The ambassadors of Sri Lanka and Mexico have met with Iranian Minister of Culture and Islamic Guidance Ali Jannati during separate meetings in Tehran to discuss the expansion of cultural cooperation, the Culture Ministry announced in a press release on Saturday.
Tourism and nation branding have the potential to boost a country's soft power and convey values and culture. However, it's not always a win-win situation for governments (or tourists).
Sri Lankan authorities have decided to deport a British tourist for having an image of Buddha tattooed on her arm, officials have said. Police spokesman Ajith Rohana said on Wednesday that Naomi Coleman, 37, was detained at Colombo's airport after she arrived from India on Monday when authorities spotted the tattoo of Buddha seated on a lotus flower.
A recent report by the Office of the United Nations High Commissioner for Human Rights carried the strongest criticism yet of Sri Lanka’s Human Rights record. The report, Promoting Reconciliation and Accountability in Sri Lanka points out that the Sri Lankan government has “failed to ensure independent and credible investigations into past violations of international human rights and humanitarian law.”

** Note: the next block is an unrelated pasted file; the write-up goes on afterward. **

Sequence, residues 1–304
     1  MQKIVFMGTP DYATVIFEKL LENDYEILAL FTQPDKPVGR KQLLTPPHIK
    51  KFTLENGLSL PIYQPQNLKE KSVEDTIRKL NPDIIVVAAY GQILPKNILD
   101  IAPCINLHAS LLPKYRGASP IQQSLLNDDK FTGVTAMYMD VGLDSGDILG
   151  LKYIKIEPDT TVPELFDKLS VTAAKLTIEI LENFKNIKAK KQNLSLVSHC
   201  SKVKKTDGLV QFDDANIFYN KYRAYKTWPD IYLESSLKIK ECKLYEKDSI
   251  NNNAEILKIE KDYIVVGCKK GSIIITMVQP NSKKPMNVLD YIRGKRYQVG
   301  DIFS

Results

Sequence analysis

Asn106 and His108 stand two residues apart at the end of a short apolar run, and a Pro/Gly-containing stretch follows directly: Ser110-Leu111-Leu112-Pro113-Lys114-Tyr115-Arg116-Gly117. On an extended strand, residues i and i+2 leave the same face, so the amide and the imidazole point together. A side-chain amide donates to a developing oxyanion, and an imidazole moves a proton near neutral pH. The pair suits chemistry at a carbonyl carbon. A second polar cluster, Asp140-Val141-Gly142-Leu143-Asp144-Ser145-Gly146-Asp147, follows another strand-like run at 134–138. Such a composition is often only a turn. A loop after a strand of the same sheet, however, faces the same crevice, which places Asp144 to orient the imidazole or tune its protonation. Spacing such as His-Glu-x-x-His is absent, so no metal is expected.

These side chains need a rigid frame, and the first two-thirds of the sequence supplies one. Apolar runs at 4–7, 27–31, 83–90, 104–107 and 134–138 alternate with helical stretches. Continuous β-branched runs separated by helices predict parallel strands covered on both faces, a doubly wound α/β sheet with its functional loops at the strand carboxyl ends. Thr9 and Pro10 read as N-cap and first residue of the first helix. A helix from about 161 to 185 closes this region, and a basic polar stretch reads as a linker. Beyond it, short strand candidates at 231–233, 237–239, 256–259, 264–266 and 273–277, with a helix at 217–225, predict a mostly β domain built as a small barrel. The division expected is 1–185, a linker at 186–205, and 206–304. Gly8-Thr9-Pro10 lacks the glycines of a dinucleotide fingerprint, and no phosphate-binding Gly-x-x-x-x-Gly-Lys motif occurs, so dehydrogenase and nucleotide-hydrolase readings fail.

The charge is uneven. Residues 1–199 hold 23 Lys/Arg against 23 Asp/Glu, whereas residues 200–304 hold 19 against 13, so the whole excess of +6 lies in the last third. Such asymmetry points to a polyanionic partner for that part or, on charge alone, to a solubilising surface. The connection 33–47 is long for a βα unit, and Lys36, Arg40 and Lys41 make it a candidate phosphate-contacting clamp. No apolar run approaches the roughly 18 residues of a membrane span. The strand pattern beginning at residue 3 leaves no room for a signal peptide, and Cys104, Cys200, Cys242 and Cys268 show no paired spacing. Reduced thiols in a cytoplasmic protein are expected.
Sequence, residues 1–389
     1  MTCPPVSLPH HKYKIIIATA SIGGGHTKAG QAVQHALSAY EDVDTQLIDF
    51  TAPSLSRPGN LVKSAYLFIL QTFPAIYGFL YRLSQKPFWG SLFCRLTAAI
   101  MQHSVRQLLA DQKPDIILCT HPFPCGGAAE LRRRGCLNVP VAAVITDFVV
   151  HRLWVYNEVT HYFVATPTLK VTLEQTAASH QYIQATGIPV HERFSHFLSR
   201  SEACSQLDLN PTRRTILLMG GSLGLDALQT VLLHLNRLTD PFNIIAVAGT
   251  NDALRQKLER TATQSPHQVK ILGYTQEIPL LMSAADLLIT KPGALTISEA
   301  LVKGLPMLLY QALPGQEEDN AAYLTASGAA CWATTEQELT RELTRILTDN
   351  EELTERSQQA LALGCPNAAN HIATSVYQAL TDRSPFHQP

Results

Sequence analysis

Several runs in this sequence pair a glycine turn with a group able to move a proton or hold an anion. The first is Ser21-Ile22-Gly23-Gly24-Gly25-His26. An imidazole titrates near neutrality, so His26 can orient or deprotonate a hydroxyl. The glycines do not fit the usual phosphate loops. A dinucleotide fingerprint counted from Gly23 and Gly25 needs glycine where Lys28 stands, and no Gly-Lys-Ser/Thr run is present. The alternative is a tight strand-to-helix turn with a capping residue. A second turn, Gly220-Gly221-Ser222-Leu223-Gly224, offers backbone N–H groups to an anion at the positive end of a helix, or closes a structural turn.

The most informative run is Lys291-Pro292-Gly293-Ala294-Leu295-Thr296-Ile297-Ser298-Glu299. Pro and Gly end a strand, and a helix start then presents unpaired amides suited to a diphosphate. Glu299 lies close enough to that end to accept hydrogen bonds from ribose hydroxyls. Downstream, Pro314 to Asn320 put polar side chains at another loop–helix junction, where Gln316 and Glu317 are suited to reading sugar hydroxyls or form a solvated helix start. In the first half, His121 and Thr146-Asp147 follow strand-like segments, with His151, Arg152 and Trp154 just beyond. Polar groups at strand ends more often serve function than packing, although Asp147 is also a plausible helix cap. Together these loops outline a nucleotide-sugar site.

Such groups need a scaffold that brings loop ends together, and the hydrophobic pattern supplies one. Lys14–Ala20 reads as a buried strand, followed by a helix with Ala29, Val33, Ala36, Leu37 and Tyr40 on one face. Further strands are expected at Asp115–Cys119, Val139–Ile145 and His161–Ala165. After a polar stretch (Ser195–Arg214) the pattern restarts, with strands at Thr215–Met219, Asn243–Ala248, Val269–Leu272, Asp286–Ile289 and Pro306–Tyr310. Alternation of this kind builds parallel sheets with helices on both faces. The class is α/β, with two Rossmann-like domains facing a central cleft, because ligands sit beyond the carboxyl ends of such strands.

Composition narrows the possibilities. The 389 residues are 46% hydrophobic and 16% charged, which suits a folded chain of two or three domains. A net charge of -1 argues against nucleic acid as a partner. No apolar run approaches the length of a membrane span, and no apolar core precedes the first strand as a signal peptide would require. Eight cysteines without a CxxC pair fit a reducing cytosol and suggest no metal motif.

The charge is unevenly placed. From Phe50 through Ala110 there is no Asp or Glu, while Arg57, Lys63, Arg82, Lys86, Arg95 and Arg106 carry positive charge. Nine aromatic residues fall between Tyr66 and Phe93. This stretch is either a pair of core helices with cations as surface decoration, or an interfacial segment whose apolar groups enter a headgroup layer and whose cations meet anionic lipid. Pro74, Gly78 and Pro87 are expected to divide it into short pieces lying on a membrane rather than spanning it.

Just over two months ago, the Tamils went to the polls for Sri Lanka’s Northern Provincial Council elections with defiance, yet with a cautious sense of festivity. Military harassment of voters and party candidates had been thorough and brutally innovative throughout the campaigning; in addition to the typical battering of election monitors, cash-for-votes and widespread intimidation, government supporters had even printed a fake newspaper.
Who would have expected a neophyte Australian foreign minister to get policy right on Sri Lanka while India’s prime minister scores yet another foreign policy own goal in his backyard? Julie Bishop rejected calls for Australia to boycott the Commonwealth Heads of Government Meeting (CHOGM) in Colombo on Nov. 15, insisting that Sri Lanka’s human rights are better advanced by engagement than isolation. Australian Prime Minister Tony Abbott duly attended.
In his memoirs, Sir John Major praised the Commonwealth as an “enchanting institution” whose biennial summits were “by far the friendliest” that a British prime minister could attend. Sadly, enchantment and affection are likely to be in short supply when the Prince of Wales opens the Commonwealth Heads of Government Meeting in Sri Lanka’s capital, Colombo, today. Instead, this occasion will be dominated by the controversy over its location.
The Malaysian authorities should immediately drop charges against a rights activist accused of showing a film about Sri Lanka’s civil war without Censorship Board approval, Human Rights Watch said today. Lena Hendry, of the human rights group Pusat KOMAS, was charged under the Film Censorship Act for organizing a screening of “No Fire Zone: The Killing Fields of Sri Lanka” on July 3, 2013, in Kuala Lumpur. Hendry, whose trial starts on October 21, faces up to three years in prison and a fine of RM30,000 (US$9,500).